And to be fair, corporate art (which also proliferates every corner) is so crappy they might not even register the significance of the TT's, unless they wander mistakenly into a cornfield over lunchtime and stumble across a crop circle.
Microsoft Trade Marketing Manager Geert Desager has launched a site Bring Back the Love which features a video, The Break Up, that hilariously illustrates the ridiculous relationship between advertisers and consumers by making each human and filming them while on a date. Working with Microsoft Agency Openhere, the long-form commercial takes a hard look at what we all like to call the "relationship" between advertiser and consumer. Clearly, at this point, it is far from a relationship which is why this video is entitled The Break Up.
Desager hopes the video and the blog will foster discussion about this ridiculous notion of relationship and how it can be better defined or reworked so that an actual relationship can occur with The Break Up. While never a good thing to com[are to a classic, this thing's right up their with the famed Truth in Advertising.
For some reason, Miller Lite thinks it's beer is only for smart people. Or at least that's what Crispin Porter + Bogusky wanted Miller Lite and the rest of us to think as we watch this recent commercial. We've all seen these idiots out and about and have always distanced ourselves from them. Nothing like being lumped together with a bunch of chanting idiots...especially when a beautiful bartender mistakenly thinks you're one of the buffoons.
We just thought this was funny. And it wasn't that long ago, either.
In April 2004 Garrett French of Web Pro News wrote a post about Google's announcement of GMail - which, in Google's "loose, freewheeling" style, fell just before April Fool's Day.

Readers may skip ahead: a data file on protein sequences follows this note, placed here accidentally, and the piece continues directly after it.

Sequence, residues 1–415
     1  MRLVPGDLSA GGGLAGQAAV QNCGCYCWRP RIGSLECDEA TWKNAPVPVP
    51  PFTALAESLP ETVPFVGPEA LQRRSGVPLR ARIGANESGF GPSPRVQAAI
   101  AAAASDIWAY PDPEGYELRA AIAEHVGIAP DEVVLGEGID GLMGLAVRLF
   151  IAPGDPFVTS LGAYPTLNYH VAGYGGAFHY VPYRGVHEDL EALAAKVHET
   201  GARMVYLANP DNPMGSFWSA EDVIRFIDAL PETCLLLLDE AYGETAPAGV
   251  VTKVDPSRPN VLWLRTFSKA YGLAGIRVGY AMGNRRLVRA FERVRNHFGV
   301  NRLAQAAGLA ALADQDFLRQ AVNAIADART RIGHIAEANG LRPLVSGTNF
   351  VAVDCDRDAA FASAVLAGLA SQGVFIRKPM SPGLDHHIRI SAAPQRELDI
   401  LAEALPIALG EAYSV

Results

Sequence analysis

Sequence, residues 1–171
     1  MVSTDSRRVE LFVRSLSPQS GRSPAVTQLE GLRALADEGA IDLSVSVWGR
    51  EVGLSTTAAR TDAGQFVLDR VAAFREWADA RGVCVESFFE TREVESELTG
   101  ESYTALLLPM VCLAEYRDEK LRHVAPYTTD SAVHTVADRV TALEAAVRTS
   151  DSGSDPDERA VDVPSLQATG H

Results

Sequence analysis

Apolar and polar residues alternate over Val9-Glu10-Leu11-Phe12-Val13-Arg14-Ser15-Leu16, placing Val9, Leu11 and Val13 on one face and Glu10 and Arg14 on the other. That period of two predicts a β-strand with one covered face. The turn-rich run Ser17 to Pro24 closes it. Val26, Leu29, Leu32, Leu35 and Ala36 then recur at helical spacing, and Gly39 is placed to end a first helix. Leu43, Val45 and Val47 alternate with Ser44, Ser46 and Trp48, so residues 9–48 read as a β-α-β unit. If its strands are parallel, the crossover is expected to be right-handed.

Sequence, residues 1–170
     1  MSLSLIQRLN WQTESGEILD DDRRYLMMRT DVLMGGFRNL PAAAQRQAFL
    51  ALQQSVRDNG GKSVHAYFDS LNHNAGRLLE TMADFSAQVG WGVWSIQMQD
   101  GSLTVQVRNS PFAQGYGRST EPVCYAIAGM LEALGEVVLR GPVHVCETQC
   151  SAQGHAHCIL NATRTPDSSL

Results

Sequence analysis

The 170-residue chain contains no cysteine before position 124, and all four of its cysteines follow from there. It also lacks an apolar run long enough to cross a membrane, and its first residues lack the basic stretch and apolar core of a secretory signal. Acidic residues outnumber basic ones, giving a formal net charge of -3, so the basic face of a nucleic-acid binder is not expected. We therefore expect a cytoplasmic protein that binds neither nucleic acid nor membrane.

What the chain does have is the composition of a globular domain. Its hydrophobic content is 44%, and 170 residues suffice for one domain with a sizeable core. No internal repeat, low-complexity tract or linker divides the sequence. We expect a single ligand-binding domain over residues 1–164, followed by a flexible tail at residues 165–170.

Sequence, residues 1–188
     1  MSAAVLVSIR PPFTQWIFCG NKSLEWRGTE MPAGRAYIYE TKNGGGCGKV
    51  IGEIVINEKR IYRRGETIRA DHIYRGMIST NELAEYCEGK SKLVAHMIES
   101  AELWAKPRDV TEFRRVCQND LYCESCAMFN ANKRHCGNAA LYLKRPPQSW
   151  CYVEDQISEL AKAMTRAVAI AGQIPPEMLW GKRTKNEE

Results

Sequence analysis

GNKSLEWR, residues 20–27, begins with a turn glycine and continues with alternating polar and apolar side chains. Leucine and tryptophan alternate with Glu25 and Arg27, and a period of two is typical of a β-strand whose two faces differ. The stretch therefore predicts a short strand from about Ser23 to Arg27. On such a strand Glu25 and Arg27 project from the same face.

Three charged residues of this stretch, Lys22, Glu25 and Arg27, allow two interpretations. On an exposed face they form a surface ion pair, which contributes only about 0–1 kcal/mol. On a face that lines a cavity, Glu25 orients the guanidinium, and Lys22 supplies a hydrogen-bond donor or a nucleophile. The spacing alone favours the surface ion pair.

"How long," French scoffed, "would it take before that ocean of email burst from the Google server farm and sank Washington?"
*Observes moment of silence for nostalgic wave*
Funny how standards can change.
That poor McDonald's Fat Kid. We don't know where he came from but he's been our poster child for the obesity discussion over and over and over and over and, yes, over again.
Now, it seems, KFC wants in on the action. Well, not exactly. They're just victim to the latest culture jamming episode to hit the streets of East London.
If it weren't bad enough agencies have to deal with needless agency consultants making money for doing what clients are too lazy to do themselves, now they have to deal with the illogical idiocy common sense-challenged companies like Kraft are now foisting upon them. Kraft, in twisted logic not seen since CareerBuilder fired its agency because the agency's add didn't make the USA Today Top Ten, is requiring agencies participating in a review to not only cede ownership of pitched concepts (a not so uncommon practice) but also to accept liability for those concepts if they end up being used and cause legal problems in the future ( a new and extremely stupid practice).
Someone please help us here. We'll say it again. Kraft wants agencies to give up ownership of any presented idea. Then it wants to be able to sue the agency that presented those ideas if they cause legal trouble in the future...even though the agency doesn't even own the idea any more! We have a headache.